STUDENTS’ LIFECategory: Education
In another fortnight I shall have finished my first term at Cambridge. Let me tell you something about undergraduate life and my impressions of it.
At first it was all so confusing and new. There were new customs and words to be learnt, and of course new rules and regulations. But remembering that I was not the only “Freshman” (as first year students are called) I cheered up and very soon made friends.
There are more than 6,000 students at Cambridge this year, almost twice’as many as before the war, so naturally the Colleges are crowded. Since space is so scarce undergraduates share a study when possible and the authorities try their best to ensure that those living together are suited. I share rooms with a young Englishman named John Smith who is studying Spanish. I find we share interests and we get on together well.
The students are mainly English but there are plenty of others, particularly so in the block of rooms in which I live, for my neighbours include a Chinese studying law, an Indian studying English, a Canadian studying history and a Frenchman studying science. As you can see, there is a variety of races, religions and points of view. But it is strange how, quickly all of us have become united in our membership of the College and in our loyalty to it. And how proud we are of its successes!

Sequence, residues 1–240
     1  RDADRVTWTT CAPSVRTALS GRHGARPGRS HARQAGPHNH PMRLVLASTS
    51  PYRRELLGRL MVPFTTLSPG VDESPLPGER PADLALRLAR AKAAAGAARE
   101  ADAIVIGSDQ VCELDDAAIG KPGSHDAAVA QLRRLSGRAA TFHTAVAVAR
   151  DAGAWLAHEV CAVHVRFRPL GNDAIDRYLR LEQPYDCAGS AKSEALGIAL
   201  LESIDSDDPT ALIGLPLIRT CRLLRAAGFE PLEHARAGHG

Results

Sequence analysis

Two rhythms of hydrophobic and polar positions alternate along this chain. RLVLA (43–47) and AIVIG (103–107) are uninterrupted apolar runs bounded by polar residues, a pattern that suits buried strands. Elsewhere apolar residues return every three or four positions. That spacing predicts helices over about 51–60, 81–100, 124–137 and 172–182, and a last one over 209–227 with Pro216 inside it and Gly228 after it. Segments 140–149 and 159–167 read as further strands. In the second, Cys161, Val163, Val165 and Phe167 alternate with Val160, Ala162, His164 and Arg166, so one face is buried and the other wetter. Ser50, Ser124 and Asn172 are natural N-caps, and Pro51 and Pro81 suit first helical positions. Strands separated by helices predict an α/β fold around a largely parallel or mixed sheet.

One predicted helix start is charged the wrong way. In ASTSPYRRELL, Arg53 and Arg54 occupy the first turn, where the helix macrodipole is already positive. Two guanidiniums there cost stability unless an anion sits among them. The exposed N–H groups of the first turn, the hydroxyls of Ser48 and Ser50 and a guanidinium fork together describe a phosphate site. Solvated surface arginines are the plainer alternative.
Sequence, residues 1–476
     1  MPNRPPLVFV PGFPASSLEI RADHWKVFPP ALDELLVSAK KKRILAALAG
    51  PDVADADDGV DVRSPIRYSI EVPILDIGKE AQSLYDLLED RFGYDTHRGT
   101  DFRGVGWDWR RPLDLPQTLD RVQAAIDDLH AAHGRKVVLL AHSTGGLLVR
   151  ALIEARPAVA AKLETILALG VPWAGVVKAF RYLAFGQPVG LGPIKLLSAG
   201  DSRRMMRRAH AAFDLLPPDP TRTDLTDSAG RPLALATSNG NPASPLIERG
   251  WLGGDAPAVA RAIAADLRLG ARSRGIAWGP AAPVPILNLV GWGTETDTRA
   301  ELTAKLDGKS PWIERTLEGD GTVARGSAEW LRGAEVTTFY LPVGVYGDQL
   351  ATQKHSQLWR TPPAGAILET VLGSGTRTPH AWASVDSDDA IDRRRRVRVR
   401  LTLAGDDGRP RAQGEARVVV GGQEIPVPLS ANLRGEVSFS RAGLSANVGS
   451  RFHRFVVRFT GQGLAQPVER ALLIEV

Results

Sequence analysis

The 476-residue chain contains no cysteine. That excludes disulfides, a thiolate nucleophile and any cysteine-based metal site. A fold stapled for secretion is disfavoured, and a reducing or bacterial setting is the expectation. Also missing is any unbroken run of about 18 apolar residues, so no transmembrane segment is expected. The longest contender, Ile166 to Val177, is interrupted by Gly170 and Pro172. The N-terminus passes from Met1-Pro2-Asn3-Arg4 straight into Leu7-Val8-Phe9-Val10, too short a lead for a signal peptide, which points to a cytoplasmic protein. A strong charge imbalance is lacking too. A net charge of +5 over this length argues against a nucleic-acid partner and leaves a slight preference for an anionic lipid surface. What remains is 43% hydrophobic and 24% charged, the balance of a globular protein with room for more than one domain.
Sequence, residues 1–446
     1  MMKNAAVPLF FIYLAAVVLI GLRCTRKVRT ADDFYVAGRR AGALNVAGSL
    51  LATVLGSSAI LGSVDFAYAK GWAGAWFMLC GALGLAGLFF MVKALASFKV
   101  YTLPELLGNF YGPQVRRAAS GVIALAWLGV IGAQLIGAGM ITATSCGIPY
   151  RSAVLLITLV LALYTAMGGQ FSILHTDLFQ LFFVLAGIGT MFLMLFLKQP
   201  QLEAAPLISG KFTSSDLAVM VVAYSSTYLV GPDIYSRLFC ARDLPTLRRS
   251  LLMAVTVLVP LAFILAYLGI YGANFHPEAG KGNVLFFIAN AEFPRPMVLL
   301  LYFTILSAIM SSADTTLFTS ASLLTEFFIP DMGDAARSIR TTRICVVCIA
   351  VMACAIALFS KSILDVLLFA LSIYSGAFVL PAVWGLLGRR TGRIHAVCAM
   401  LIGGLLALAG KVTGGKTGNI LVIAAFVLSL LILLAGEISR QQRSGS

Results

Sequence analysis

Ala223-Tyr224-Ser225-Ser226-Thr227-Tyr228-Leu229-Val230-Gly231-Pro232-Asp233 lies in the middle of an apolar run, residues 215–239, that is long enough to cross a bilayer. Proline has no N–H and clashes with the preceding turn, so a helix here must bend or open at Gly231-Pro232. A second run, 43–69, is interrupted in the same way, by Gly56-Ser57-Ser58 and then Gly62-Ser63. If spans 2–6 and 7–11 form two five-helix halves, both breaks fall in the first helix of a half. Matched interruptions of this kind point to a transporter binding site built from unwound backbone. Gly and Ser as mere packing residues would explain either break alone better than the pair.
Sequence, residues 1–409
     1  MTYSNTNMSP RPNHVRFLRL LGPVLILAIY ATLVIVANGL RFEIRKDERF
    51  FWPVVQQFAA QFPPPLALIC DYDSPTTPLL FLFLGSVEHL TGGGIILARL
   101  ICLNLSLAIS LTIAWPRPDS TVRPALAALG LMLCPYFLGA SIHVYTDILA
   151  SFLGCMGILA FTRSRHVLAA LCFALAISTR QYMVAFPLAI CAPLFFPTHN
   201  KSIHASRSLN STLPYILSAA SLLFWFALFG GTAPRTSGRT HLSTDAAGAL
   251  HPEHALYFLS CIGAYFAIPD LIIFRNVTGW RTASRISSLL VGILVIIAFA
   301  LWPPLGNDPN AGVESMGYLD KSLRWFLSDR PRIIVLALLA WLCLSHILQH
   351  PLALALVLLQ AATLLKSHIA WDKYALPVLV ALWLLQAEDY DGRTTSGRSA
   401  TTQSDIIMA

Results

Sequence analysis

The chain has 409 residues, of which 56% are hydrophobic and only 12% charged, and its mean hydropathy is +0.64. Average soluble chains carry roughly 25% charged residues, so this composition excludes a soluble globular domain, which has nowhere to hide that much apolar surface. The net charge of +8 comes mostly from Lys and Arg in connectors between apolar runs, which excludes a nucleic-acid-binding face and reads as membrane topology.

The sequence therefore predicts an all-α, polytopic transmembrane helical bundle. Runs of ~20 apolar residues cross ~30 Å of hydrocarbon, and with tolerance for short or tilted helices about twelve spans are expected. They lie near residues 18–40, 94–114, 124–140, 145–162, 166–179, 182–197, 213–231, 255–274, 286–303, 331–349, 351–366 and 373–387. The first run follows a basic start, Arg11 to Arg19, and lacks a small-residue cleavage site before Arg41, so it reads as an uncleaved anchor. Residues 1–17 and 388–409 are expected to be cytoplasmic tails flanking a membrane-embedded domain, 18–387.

Our rooms have a pleasant outlook over the College gardens and are pleasingly furnished to suit all the needs of a student. There is even a very small gas-stove on which we make coffee or tea. It is a popular custom here to invite friends along in the afternoon for tea and hot buttered toast and jam. And then, very likely, an argument or discussion develops and we talk and keep on talking with never a thought of our work.
We are free, by the way, to decorate our rooms to suit our own tastes, and it is surprising how soon each room reflects the personalities of the owners. John has a radio so we don’t lack music.
To each room there is a manservant who with a woman servant, known as a ‘Bedder”, keeps it clean and attends to the needs of the students living there. These men are known as “Gyps” and take a great interest in us, their “gentlemen”. Many of them have been with the College all their lives. A word about the Bedders. In the old days when the Colleges were religious foundations the students were, of course, clergymen, and their life was much more strict and disciplined than now. Friendship with young ladies was forbidden and the only women allowed inside the College were washerwomen. The legend is that these had to be “old and ugly”, and so, say the students thinking of their Bedders, they have remained! But really they are kindly and helpful. Mine was most anxious that I should wear a woolen vest during the cold English winter! I saw some amusing verses, exaggerated, of course, about Gyps and Bedders: —
Should your Bedmaker carelessly soil The books you have left on the table,
With candle grease, blacking or oil,
You should bear it as well as you’re able.
If your carpet is mostly unswept (And your Gyp isn’t likely to sweep it),
If your room is untidily kept
(And that’s how your Bedder will keep it),
They only add fuel to fire Who tell you to bottle your ire!